May 2008
Volume 49, Issue 13
ARVO Annual Meeting Abstract  |   May 2008
Correlation and Comparison of Two Dry Eye Questionnaires: Standard Patient Evaluation of Eye Dryness (SPEED) vs. Ocular Surface Disease Index (OSDI)
Author Affiliations & Notes
  • J. D. Solomon
    Schepens Eye Research Institute, Boston, Massachusetts
    Korb Associates, Boston, Massachusetts
  • C. A. Blackie
    Korb Associates, Boston, Massachusetts
  • J. V. Greiner
    Schepens Eye Research Institute, Boston, Massachusetts
    Harvard Medical School, Boston, Massachusetts
  • D. R. Korb
    Korb Associates, Boston, Massachusetts
  • Footnotes
    Commercial Relationships  J.D. Solomon, None; C.A. Blackie, None; J.V. Greiner, None; D.R. Korb, None.
  • Footnotes
    Support  None.
Investigative Ophthalmology & Visual Science May 2008, Vol.49, 5324. doi:
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      J. D. Solomon, C. A. Blackie, J. V. Greiner, D. R. Korb; Correlation and Comparison of Two Dry Eye Questionnaires: Standard Patient Evaluation of Eye Dryness (SPEED) vs. Ocular Surface Disease Index (OSDI). Invest. Ophthalmol. Vis. Sci. 2008;49(13):5324.

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      © ARVO (1962-2015); The Authors (2016-present)

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Purpose: : To correlate and compare the Standard Patient Evaluation of Eye Dryness (SPEED) questionnaire, with the Ocular Surface Disease Index (OSDI) questionnaire, and to correlate both questionnaires with a clinical sign, lipid layer thickness (LLT). The OSDI questionnaire has been utilized in clinical trials reviewed by the Food and Drug Administration (FDA).

Methods: : Patients presenting for routine eye examinations were recruited (n=86, 61 females and 25 males, mean age = 51.8 ± 14.6 yrs). Subjects were asked to complete the SPEED and OSDI questionnaires in random order. No coaching of the subjects was permitted for either questionnaire. Using an interferometer, LLT was also measured on a random subset of the sample (n = 46, 39 females and 7 males, mean age = 47.6 ± 14.8 yrs). Linear regression analyses were used to assess correlation.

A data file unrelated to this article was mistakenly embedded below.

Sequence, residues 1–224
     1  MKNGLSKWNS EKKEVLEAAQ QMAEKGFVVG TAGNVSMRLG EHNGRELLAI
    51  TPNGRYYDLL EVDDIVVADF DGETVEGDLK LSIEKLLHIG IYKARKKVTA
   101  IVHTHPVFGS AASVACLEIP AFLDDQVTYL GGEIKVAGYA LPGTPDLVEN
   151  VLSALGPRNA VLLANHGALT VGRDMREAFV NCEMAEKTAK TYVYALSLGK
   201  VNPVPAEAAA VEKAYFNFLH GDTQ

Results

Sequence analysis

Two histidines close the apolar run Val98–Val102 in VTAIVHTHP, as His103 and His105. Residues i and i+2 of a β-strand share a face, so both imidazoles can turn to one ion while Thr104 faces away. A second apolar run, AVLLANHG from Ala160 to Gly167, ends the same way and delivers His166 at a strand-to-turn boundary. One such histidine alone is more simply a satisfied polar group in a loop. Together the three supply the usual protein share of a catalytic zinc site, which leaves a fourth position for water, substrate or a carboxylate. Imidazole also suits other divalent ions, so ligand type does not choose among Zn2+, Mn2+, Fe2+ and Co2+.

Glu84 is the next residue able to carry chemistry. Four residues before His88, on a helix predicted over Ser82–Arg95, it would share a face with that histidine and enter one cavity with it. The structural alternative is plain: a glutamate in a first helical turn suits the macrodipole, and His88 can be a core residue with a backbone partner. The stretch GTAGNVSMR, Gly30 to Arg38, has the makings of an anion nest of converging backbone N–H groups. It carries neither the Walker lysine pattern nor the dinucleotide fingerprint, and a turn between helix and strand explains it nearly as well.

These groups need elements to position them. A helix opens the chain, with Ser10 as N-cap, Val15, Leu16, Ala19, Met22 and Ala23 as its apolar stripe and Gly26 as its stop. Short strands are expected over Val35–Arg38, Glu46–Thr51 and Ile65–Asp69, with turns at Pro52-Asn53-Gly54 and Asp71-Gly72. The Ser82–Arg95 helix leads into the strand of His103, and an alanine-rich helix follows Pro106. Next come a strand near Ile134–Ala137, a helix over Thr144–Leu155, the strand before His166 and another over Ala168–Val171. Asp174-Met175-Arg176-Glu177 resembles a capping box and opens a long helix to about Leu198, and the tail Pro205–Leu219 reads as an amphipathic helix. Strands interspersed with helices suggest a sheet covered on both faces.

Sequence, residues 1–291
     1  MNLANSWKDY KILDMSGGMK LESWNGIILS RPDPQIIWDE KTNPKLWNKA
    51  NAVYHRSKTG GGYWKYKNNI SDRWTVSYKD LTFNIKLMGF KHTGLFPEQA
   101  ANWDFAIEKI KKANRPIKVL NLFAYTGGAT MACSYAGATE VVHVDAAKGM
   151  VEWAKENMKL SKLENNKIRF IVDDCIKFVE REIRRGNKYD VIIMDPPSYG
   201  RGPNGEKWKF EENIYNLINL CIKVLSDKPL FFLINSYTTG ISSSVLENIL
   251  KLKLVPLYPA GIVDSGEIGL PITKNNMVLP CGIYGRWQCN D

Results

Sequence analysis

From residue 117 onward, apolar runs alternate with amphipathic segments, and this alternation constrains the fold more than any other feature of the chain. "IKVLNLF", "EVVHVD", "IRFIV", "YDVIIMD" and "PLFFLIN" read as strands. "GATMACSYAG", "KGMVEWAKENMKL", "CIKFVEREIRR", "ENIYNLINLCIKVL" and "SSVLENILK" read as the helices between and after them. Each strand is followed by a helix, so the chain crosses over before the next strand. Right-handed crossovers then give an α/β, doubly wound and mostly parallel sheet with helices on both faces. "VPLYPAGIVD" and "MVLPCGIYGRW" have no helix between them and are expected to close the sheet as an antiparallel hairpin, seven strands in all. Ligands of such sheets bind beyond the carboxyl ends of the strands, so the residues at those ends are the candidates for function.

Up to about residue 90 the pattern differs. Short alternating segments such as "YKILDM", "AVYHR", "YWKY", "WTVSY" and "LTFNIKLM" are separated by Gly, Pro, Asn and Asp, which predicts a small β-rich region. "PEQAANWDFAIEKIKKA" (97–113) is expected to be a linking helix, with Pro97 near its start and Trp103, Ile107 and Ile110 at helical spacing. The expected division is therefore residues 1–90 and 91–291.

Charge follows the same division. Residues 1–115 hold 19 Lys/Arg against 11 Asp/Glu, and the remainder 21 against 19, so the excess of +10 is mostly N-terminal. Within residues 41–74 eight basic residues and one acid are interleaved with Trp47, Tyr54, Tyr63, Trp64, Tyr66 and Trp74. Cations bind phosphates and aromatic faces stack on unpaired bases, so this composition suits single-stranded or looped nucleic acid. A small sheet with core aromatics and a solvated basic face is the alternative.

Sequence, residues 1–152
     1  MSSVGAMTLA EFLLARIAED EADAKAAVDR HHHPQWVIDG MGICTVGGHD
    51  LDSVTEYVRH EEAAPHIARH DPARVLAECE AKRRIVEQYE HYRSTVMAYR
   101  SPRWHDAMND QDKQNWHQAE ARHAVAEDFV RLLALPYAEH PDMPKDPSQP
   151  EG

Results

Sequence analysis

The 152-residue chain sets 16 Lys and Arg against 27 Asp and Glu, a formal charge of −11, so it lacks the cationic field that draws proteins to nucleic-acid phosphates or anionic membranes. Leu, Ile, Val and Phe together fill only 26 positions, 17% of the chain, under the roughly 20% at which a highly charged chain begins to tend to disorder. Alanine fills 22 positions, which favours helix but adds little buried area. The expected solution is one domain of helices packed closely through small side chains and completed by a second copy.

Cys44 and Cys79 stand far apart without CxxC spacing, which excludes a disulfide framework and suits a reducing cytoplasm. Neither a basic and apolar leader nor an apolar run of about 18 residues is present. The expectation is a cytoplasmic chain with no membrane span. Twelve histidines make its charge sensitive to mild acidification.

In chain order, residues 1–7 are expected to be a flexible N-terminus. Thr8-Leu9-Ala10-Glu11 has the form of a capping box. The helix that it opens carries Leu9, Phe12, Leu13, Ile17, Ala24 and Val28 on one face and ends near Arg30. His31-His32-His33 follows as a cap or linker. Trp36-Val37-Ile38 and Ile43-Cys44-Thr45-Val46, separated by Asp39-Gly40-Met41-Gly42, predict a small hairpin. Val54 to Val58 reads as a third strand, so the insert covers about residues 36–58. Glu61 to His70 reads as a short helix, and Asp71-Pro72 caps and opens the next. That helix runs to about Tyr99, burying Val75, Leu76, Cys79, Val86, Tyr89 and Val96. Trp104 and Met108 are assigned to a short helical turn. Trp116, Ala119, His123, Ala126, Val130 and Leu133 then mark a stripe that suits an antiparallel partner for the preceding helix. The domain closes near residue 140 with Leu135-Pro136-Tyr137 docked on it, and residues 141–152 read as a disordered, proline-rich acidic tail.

Results: : The SPEED and OSDI questionnaires are significantly linearly correlated: y = 0.68x + 13.04, p < 0.0001, R2 = 29.7%. Both questionnaires target the frequency of dry eye symptoms, although the listed symptoms are not identical, e.g. the SPEED questionnaire refers to eye soreness, grittiness, scratchiness, pain, irritation, burning, watering and fatigue where as the OSDI refers to light sensitivity, eye pain, grittiness, or soreness and blurred or poor vision. In addition, the SPEED questionnaire includes questions on the severity of symptoms; the OSDI does not. The SPEED questionnaire also includes the 3-months prior to completing the questionnaire where as the OSDI only covers 1-week prior to completing the questionnaire. The OSDI questionnaire contains questions regarding environmental and task specific triggers to dry eye symptoms (e.g. air conditioning, wind, low humidity, using a computer, reading, driving and watching television); SPEED does not. Both questionnaires are significantly correlated with LLT. SPEED: R2 = 16.4%, p=0.003, OSDI: R2 = 10.4%, p=0.02.

Conclusions: : This is the first report comparing the previously published SPEED questionnaire to the ODSI questionnaire. It is also the first report correlating each questionnaire with LLT. The questionnaires differ but they both aim to capture accurately patients’ dry eye symptoms and also monitor the efficacy of various dry eye treatments. These results highlight the questionnaire differences while revealing a significant correlation between the overall symptom scores captured by each questionnaire in addition to correlating those scores with an objective dry eye sign.

Keywords: cornea: tears/tear film/dry eye • quality of life • anterior segment 

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